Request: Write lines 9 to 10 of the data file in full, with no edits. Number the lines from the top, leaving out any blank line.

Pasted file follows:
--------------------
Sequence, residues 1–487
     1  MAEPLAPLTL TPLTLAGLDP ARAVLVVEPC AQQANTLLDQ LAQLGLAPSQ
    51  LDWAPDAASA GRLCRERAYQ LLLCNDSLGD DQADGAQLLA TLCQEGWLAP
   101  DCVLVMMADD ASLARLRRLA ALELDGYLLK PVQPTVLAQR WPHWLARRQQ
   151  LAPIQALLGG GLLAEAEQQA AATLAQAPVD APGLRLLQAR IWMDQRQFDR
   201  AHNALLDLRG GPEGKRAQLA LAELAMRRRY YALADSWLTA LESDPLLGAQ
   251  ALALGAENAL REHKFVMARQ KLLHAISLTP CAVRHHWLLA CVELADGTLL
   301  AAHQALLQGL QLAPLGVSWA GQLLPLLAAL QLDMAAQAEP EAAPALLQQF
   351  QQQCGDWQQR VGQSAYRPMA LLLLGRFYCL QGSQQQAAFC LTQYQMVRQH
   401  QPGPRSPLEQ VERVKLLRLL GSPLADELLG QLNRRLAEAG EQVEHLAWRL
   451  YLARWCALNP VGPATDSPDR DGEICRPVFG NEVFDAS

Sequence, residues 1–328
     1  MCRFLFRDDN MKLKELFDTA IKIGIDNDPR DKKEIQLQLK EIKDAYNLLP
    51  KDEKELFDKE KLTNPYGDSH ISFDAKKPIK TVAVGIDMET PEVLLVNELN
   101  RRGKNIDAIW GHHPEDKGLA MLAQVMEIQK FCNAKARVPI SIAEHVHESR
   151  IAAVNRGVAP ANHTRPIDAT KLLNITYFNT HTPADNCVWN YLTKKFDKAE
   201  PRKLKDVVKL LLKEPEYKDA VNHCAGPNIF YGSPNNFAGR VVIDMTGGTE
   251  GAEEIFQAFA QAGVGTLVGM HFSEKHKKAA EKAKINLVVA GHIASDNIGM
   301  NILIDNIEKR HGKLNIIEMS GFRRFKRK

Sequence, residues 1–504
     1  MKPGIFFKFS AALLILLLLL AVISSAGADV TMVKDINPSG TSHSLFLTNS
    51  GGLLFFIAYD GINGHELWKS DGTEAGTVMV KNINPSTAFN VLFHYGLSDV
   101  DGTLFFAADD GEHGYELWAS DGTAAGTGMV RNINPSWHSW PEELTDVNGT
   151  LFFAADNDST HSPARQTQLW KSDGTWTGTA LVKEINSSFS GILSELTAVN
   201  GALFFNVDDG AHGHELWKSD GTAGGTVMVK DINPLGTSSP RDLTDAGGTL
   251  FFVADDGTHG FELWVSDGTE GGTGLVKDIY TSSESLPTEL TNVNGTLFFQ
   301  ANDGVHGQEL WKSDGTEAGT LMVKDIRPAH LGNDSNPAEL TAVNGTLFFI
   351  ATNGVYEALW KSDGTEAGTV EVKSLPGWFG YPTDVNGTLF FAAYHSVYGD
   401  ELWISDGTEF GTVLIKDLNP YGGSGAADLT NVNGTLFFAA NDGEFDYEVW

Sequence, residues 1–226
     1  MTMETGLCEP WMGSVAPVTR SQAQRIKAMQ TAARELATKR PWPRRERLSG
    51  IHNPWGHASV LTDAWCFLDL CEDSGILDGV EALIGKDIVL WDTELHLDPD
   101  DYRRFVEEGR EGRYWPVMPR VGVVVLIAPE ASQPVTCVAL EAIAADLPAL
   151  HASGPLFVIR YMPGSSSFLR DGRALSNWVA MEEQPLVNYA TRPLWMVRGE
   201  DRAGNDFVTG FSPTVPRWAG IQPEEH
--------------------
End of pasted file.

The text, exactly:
   351  QQQCGDWQQR VGQSAYRPMA LLLLGRFYCL QGSQQQAAFC LTQYQMVRQH
   401  QPGPRSPLEQ VERVKLLRLL GSPLADELLG QLNRRLAEAG EQVEHLAWRL